The sense of urgency of a postmodern culture is a trait MKs share. Due to the mobile and transitory nature of their lifestyle, MKs have a strong sense of “the importance of now” (Pollock 1999, 100). This makes them more likely to take the initiative in meeting new people, recognizing that such an opportunity might not be there tomorrow.
Value #3: Relationships & Community
The emerging Church is frequently described as a community. It is not merely a group of individuals who show up on Sunday morning to listen to scripture, only to go back to their secular lives. The emerging Church builds relationships, and from these relationships grows a tightly-knit community that is accountable, missional, and quite the opposite of a consumer Christianity.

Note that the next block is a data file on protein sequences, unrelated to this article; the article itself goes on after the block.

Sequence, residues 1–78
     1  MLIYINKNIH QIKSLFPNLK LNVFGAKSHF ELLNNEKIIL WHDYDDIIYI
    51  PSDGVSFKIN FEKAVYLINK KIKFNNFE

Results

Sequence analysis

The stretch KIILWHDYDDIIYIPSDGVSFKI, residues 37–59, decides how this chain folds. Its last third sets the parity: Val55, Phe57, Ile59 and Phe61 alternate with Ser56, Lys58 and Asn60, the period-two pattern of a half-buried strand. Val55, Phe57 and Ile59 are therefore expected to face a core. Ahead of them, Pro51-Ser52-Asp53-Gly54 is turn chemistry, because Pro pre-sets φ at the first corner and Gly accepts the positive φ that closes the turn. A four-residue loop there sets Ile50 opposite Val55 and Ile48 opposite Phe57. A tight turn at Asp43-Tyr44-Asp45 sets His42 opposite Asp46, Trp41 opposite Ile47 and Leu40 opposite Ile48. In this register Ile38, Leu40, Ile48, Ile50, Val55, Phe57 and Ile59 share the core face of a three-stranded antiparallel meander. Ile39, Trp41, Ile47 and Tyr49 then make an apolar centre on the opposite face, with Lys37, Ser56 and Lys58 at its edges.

Gibbs explains it this way, “The depth of relationships determines the quality of the church gathering” (Gibbs and Bolger 2005, 106). The highly mobile life of an MK tends to lead them to develop a large number of relationships. More applicable for the emerging Church, however, is that MKs tend to develop deeper relationships more quickly. They tend to skip small talk in favor of deeper connections.
This ability stems from several factors. First, MKs have had a lifetime of practice meeting people and sharing conversations with them. Second, MKs have many experiences from which to pull and knowledge of various religions, worldviews, and cultural backgrounds to fuel conversations. Finally, they have a sense of urgency, as we discussed earlier. In general, MKs will prefer to quickly move past small talk to that which they consider meaningful, despite the transient nature of the relationships (Pollock 1999, 131).